To understand the next question, the when of the gathering, one must first look for the link between the Eucharist and “time,” the reason for the celebration of the Lord’s Day. This was the day of Jesus’ Resurrection and each Lord’s Day was an Easter Festival. In relationship to the Hebrew Sabbath, the whole week was advanced—the day of resurrection gradually became a new Sabbath. As Father Alexander Schmemann has said. “All the Old Testament prescriptions and definitions touching the seventh day were little by little transferred to Sunday, and the seventh day has been converted into a kind of ‘prototype’ of the Christian day of rest.”
That the early Christians gave significance to the ‘‘first day of the week” is attested by St. Paul who uses this designation in I Cor. 16: 2, to request the Corinthians to lay aside on that day something for the collection. Acts 20:7 tells that the gathering for breaking of bread, at which St. Paul preached until midnight, took place “on the first day of the week.”
The Lord’s Day is the day of Messianic fulfillment, the day of the New Aeon. The world was created in seven days, but that world fell and so now that “all things become new.” The first day is also the beginning of Christian time. It was on this day that the fallen world was saved. Time, therefore, is important, but it is a new idea of time. It is what is known as “Kairos”—the time in which God acts. This is why, when the deacon says before the Liturgy that “the time is right” for the Eucharist, that all the conditions are fulfilled, and it seems that God will act — he means “kairos.” Normal time (Chronos — chronology) ends and now kairos — God’s time — begins. Kairos is always related to chronos for it fulfills it and is the end of it. “We celebrate that sacrament which is beyond time and yet the end of time, for Christ is the end, having inaugurated the end, and we wait for Him.” We must finally transform all things—all chronos to kairos—our time to His time.
Quite surprisingly, Orthodox people know the “why” better than the “where” and “when.” The understanding of the “where” and “when” would be worth little if it did not include the “why.” There is no doubt that the whole meaning of the Liturgy is the Eucharist. As Father Alexander Schmemann says, “the Eucharist is a Liturgy.” This is why it is wrong to believe that we need only to receive Communion twice or four times a year. Why do we have the Divine Liturgy if not to receive? Look at the history of the Liturgy. The reason (the “why”) the early Christians came together was to “break the bread.” It was for them a journey into the Heavenly Kingdom. That journey was accomplished through the Eucharist which was inherited, at least in part, from their Hebrew origins. The synaxis—the liturgy of the Word—preserved the structure of the synagogue services which included the readings and preaching. The other part of that service was the Eucharist proper in which was also preserved the form of the Kiddish or passover supper. The combination of the two was transferred into the Christian cult. The order today still reflects these origins of the Eucharist — the Liturgy of the Word and the Eucharist proper.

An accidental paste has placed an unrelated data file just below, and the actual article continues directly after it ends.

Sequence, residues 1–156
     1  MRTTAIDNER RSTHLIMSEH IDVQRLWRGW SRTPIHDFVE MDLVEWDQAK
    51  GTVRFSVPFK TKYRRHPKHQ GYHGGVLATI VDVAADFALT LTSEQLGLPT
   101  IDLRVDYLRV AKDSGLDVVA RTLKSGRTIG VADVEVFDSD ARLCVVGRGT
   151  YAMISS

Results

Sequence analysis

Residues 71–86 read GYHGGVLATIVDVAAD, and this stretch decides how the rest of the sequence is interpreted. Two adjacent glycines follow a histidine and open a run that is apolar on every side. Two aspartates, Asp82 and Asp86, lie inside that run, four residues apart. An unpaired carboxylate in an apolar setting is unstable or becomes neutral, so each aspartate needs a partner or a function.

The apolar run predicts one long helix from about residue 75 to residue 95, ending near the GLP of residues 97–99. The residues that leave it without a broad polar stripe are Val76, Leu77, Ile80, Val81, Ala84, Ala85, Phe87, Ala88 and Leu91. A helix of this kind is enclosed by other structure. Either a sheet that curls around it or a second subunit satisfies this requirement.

What is important to remember is that “leitourgia” is the function of the Church, for it is the function of the Church to express herself sacramentally. It is indeed impossible to separate the “gathering” from the “Eucharist” in the early Church. Of course, the Liturgy of time (matins, vespers, etc.) was also developed later, but the reason for the Church still remains the Anaphora — that is the offering of the Church through the Eucharist.
What we miss today and what was missing also in Pittsburgh and in most Orthodox Churches, is the understanding that the Eucharist requires the concelebration of celebrant and people. It is not something which is “watched.” We do not “say the mass” as the Roman Catholics express it. This makes the “gathering” subject to, and less important than, the priest. But the Church, the gathering, the EKKLESIA comes first and then the priest enters. Each needs and complements the other. This idea of “gathering” first is still preserved in the Bishop’s (Hierarchal) service where he often does everything, including vesting, before the people, and enters the sanctuary only at the “Little Entrance.” In the early Church the clergy did not even enter the Church until this moment; this is why it is still called “entrance.” Today, of course, since the priest must prepare the Gifts at the Proskomedia, (the Deacon used to do this himself) he must exit before entering. What we should understand in all this is that the “gathering” has always been emphasized in our Church. It is useless for the priest to be there unless you are!
The Church’s function, whether the meeting is in your local temple or at a convention, is fundamentally sacramental, —— the vehicle for Baptism, Eucharist, and other sacraments; the offering (Anaphora); but first it is the gathering—”where two or three are gathered in my name.”